That said, it is a fun, fast diversion.
Star Trek 2 adapted by James Blish
In 1968, you couldn’t stream Star Trek. You couldn’t put a DVD in. You couldn’t even watch a tape of it! In this slim volume, James Blish writes novelizations… short story-izations…? of seven Star Trek episodes. I’ve heard that Blish was hired to write these books covering most of the episodes of the classic TV series, but had to go off memory for most of the story-ifications. If that’s true, it explains who many of the stories have the larger plot points right, but sometimes the feel or specifics are off from the episodes.
I’ve not seen every episode in here, but it’s always neat to me to read early media tie-ins before continuity becomes more of a thing. Little glimpses of what might have been, you know?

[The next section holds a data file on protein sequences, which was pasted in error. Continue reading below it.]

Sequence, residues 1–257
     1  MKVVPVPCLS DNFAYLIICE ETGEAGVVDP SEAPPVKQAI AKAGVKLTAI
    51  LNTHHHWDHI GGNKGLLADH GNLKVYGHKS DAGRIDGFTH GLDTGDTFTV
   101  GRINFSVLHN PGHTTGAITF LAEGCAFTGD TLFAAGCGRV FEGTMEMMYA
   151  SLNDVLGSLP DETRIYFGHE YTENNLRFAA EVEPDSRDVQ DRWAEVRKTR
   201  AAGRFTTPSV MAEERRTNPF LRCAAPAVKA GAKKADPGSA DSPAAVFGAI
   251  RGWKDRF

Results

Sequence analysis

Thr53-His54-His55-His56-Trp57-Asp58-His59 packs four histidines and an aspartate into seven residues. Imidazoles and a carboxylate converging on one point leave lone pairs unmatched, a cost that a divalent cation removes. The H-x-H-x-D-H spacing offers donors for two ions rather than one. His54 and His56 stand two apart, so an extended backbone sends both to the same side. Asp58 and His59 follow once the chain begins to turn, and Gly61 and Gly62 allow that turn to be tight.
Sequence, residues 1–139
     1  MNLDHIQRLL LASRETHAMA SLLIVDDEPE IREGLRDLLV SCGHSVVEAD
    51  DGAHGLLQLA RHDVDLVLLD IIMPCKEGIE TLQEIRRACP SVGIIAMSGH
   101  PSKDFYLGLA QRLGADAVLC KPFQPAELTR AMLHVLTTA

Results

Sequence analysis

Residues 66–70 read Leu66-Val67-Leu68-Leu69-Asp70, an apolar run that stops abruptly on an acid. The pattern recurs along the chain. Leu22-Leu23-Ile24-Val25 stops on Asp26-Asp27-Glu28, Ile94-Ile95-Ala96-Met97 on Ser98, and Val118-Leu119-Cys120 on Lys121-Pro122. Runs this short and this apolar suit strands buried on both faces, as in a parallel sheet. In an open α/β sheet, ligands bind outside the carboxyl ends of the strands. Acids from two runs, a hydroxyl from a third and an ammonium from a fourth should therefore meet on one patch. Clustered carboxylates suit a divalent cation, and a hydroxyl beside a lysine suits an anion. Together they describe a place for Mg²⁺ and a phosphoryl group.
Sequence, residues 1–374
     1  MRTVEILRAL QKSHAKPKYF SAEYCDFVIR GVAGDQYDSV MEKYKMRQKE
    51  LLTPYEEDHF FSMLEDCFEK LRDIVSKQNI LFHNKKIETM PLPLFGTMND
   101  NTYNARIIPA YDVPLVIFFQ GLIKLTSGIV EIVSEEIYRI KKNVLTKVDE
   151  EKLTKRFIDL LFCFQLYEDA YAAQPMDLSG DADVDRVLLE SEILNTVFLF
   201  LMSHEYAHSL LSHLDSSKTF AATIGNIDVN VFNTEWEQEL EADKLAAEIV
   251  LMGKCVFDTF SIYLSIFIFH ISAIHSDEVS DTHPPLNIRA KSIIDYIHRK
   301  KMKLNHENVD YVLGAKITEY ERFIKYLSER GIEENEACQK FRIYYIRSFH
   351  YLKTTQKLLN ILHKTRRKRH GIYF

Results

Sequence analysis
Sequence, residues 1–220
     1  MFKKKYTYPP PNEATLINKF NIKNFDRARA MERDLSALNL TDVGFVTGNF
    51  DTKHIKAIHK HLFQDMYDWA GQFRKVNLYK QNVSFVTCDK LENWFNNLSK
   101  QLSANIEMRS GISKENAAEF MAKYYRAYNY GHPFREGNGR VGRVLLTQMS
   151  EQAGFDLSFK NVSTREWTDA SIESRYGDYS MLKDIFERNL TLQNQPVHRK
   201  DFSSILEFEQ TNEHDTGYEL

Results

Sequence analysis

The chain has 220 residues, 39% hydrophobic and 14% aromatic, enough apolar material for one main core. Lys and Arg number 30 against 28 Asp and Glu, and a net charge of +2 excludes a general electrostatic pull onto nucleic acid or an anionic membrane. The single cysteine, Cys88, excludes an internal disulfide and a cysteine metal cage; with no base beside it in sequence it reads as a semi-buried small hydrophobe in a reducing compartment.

Anyway, these make fun short Star Trek stories of the episodes that you can read a lot faster than you can stream an episode. I enjoyed it!
Which Way Books #24: Star Trek: Phaser Fight by Barbara Siegel & Scott Siegel
It’s a Star Trek choose-your-own-adventure!
And it’s fun!
I read through literally every single adventure path, and they really feel like classic episodes. They’re not incredibly complex, but they have the feel down!
In the story, you “are a young Federation ensign who has shown a great deal of promise. You have a deep interest in science and medicine, as well as a love of action. And finally you’ve gotten your wish – you’ve been beamed aboard the Enterprise in order to receive special training by the crew of the most famous starship in the fleet!” From there you get to decide if you’re going to train under Kirk, Spock, or McCoy, and adventures follow accordingly!